Wolfenstein Cyberpilot will be remembered as a curiosity; a failed side project with cool mechanics and no gameplay. Released without the Wolfenstein name, this would be a slight, middle-of-the-road title with little to recommend it. But with the Wolfenstein name attached, Cyberpilot becomes a debacle. Wolfenstein fans should not play this game. Neither should anyone else.
While an extremely guided and structured experience, Dragon Quest Builders 2 maintains enough of the charm of the franchise to be worth a look for fans. Players accustomed to free-play modes in other building sims will chafe at the story mode, but patient players that don't mind a simple battle system and chatty NPCs will still find plenty of content here to enjoy.
Sairento VR is one of the best games on PSVR. With non-stop action and thrilling acrobatic controls. It delivers an adrenaline shot of pure action straight to the heart. There is simply nothing else like Sairento VR on PSVR or any system for that matter. This is a groundbreaking, standard-setting game that will serve as a waypoint for VR action games for years to come.
Vacations are supposed to be fun and breezy – and that's exactly the way I would describe Vacation Simulator. Full of silly laughs and sunny good times, Vacation Simulator also delivers just the slightest edge of dark humor to keep teens and adults engaged. With a wide variety of puzzles and activities - any of which can be skipped – Vacation Simulator has a bit of something for everyone, while expanding on the original game in interesting ways.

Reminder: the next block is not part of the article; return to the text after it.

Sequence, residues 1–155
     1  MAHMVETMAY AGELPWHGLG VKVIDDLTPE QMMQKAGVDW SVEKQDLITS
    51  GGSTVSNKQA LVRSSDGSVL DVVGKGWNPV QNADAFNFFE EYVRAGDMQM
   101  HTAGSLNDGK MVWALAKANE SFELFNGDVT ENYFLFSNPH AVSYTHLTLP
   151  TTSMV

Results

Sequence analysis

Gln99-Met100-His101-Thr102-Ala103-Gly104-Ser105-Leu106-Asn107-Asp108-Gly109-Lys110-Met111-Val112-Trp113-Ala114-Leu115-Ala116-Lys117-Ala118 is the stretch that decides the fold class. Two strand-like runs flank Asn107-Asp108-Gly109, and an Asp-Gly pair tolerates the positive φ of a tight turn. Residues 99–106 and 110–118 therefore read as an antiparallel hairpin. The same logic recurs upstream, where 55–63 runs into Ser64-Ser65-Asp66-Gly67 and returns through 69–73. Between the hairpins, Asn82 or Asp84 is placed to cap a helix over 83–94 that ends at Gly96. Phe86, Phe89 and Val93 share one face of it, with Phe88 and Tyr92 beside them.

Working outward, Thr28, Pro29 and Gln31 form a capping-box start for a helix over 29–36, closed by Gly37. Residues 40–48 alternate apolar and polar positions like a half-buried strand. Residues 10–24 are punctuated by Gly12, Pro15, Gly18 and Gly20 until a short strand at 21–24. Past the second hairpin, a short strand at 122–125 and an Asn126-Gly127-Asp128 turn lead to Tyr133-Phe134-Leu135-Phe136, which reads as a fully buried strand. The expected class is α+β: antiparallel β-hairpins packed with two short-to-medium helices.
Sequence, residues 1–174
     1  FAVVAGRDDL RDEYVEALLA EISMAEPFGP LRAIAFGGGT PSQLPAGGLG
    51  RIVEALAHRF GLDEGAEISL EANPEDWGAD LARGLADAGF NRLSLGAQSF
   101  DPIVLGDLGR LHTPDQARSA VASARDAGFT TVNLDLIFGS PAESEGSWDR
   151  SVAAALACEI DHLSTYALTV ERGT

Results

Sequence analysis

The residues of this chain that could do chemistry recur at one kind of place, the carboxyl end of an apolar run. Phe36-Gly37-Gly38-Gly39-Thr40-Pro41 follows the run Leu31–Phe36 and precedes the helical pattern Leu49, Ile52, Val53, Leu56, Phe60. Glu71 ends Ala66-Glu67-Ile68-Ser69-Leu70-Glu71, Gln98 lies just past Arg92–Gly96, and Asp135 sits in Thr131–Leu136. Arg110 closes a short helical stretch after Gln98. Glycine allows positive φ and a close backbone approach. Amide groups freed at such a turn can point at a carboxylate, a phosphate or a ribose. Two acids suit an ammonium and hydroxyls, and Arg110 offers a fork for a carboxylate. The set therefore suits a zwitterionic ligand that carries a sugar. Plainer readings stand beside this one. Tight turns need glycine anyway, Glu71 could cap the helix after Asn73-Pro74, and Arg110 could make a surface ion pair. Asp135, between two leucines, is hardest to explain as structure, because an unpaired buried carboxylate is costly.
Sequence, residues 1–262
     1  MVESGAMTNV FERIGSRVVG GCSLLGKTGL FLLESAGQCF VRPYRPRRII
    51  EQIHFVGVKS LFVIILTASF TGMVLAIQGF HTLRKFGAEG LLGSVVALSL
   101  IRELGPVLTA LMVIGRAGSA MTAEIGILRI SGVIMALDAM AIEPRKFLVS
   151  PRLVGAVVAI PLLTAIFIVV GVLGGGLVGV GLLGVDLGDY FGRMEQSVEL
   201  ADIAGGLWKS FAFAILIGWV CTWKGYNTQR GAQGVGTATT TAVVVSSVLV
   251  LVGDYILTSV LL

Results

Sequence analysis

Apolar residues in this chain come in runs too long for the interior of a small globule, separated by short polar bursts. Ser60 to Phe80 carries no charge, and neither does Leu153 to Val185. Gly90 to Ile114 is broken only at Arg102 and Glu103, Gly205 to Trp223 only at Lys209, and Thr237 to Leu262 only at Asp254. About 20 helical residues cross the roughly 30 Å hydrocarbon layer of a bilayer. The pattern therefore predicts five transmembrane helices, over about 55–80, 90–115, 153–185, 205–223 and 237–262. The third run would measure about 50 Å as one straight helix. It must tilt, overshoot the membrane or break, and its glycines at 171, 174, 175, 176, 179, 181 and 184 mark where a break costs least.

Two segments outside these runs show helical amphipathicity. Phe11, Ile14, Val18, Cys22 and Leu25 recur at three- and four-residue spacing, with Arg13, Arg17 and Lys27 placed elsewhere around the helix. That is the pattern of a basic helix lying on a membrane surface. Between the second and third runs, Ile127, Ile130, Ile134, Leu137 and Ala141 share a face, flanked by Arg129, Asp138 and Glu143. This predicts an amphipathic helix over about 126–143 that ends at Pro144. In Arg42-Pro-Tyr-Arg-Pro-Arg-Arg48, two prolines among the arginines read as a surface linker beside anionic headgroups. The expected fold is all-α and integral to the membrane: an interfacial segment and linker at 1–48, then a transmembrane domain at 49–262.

Whether you are a fan of Ark, voxel-based construction games, or survival games in general, you will find something to hate about PixARK. A wild mess of a game, PixARK is one of the most off-putting experiences on PlayStation 4. Avoiding PixARK is imperative.
Mini-Mech Mayhem has all the trappings of a fun game. The colorful visuals, cheery gameplay, and online representation of the player are all top-notch. But the core gameplay is somewhat questionable, due to the fact that it forces the player to strategize on unstable ground. There is a fine line between "anticipating" other players moves and "guessing", and in Mini-Mech Mayhem, that line is fuzzier than PSVR's graphics.
Five Nights at Freddy's VR: Help Wanted is a great introduction to the franchise, packaging a number of levels from various games in the series. Though the first three games are the strongest, some of the other levels are fun in their own right. Less fun is wrestling with the controls, particularly since a giant demonic chicken is going to scream in your face if you mess up. The scares are there, but the controls could use some additional polish.